Show Summary Details

Page of

PRINTED FROM OXFORD HANDBOOKS ONLINE ( © Oxford University Press, 2018. All Rights Reserved. Under the terms of the licence agreement, an individual user may print out a PDF of a single chapter of a title in Oxford Handbooks Online for personal use (for details see Privacy Policy and Legal Notice).

date: 29 November 2020

Abstract and Keywords

Chapter 33 argues that all historical representations are radically adaptive and that the ways in which they are conceived and perceived tell us more about the present than about the past they refer to. As the historian adapts the material into a pre-planned scheme to meet a certain end, every version of history becomes essentially an adaptation. While such a view of history is neither novel nor groundbreaking among historians, it has yet to find acceptance among popular readers and audiences of history. In other words, the discrepancy between how history is conceived and how it is perceived remains intact. A brief case study of the ways in which audiences have perceived The Tudors and Magnificent Century, and how fervently televised adaptations are contested, signals the need to challenge this discrepancy.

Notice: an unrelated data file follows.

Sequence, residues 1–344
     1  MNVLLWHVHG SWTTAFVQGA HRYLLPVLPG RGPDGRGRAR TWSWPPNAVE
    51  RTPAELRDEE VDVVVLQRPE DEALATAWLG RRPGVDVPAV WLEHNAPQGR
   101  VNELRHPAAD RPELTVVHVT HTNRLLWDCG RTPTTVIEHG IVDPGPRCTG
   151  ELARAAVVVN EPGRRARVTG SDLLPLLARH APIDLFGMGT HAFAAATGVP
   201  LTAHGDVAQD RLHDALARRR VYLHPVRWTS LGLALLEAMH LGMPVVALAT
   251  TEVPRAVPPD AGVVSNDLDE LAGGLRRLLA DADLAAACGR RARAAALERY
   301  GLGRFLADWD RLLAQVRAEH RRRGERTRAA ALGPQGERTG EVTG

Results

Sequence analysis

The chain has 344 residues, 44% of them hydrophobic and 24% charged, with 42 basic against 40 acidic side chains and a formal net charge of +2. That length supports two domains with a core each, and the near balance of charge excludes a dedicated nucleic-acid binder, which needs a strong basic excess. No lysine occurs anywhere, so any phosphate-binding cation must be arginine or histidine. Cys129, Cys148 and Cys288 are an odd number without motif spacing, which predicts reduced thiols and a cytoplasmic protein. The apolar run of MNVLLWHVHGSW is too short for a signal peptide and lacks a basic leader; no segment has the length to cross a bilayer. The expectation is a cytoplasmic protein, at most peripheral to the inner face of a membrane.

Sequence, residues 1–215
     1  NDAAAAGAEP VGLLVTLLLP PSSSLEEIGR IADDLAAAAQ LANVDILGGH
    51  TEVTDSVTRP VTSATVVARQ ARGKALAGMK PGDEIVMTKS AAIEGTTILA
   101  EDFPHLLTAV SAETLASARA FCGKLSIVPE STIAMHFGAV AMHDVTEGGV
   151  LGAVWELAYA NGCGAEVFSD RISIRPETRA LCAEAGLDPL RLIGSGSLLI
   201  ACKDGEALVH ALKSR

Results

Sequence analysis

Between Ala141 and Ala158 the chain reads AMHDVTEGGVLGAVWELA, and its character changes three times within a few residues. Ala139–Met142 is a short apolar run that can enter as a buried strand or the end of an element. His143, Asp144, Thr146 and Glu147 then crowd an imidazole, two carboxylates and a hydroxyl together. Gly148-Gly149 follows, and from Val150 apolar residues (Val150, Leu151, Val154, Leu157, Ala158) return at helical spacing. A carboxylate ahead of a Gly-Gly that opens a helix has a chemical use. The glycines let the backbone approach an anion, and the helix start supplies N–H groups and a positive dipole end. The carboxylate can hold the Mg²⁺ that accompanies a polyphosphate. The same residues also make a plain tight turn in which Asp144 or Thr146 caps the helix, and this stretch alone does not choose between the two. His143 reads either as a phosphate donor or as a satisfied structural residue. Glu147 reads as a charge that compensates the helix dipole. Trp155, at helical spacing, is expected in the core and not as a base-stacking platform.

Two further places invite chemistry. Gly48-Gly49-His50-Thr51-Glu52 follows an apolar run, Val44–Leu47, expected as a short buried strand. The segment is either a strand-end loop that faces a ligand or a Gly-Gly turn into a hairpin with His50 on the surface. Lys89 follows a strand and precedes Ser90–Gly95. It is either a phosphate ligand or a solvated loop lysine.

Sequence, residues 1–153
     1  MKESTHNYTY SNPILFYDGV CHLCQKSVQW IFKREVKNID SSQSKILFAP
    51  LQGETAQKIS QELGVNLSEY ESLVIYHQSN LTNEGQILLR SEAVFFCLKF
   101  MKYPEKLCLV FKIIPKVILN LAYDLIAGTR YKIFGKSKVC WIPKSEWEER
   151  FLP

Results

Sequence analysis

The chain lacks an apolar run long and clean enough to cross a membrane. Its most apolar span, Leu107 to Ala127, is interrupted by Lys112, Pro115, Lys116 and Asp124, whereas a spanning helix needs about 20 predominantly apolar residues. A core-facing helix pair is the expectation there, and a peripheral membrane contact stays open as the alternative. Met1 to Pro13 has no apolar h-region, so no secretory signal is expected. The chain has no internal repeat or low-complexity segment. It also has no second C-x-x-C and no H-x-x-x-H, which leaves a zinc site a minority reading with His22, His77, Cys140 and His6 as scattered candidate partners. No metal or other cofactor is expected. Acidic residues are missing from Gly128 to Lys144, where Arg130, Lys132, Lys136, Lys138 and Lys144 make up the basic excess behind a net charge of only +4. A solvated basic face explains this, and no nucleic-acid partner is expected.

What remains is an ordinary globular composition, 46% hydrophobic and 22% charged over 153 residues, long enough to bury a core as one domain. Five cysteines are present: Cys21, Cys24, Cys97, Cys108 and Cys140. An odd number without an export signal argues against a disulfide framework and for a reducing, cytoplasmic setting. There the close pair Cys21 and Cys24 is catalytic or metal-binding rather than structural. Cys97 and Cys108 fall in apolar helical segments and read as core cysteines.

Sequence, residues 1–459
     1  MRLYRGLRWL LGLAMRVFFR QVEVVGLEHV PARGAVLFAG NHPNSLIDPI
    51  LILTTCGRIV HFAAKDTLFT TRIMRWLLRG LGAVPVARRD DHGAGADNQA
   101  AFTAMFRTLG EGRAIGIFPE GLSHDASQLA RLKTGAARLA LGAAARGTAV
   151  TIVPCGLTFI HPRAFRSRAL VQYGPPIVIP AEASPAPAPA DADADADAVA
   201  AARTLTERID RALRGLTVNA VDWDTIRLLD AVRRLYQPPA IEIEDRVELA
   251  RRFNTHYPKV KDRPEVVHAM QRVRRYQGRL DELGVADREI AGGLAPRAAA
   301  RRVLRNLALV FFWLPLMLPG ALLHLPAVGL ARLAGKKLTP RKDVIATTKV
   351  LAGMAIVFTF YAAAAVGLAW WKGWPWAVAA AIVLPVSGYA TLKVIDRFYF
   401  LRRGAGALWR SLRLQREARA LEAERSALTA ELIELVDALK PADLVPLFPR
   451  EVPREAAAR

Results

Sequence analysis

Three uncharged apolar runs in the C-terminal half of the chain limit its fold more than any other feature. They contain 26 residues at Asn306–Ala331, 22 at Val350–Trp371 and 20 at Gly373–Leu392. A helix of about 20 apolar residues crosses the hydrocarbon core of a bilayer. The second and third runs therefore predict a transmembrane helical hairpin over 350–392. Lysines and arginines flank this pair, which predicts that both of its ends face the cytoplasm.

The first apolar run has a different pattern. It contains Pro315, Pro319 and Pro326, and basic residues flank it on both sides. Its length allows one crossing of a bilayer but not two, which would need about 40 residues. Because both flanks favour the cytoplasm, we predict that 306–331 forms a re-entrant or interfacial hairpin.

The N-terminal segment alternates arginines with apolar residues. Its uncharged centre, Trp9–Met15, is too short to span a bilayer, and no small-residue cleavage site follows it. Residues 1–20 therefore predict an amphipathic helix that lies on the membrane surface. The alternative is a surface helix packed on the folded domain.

Keywords: history, adaptation, case study, The Tudors, Magnificent Century

Access to the complete content on Oxford Handbooks Online requires a subscription or purchase. Public users are able to search the site and view the abstracts and keywords for each book and chapter without a subscription.

Please subscribe or login to access full text content.

If you have purchased a print title that contains an access token, please see the token for information about how to register your code.

For questions on access or troubleshooting, please check our FAQs, and if you can''t find the answer there, please contact us.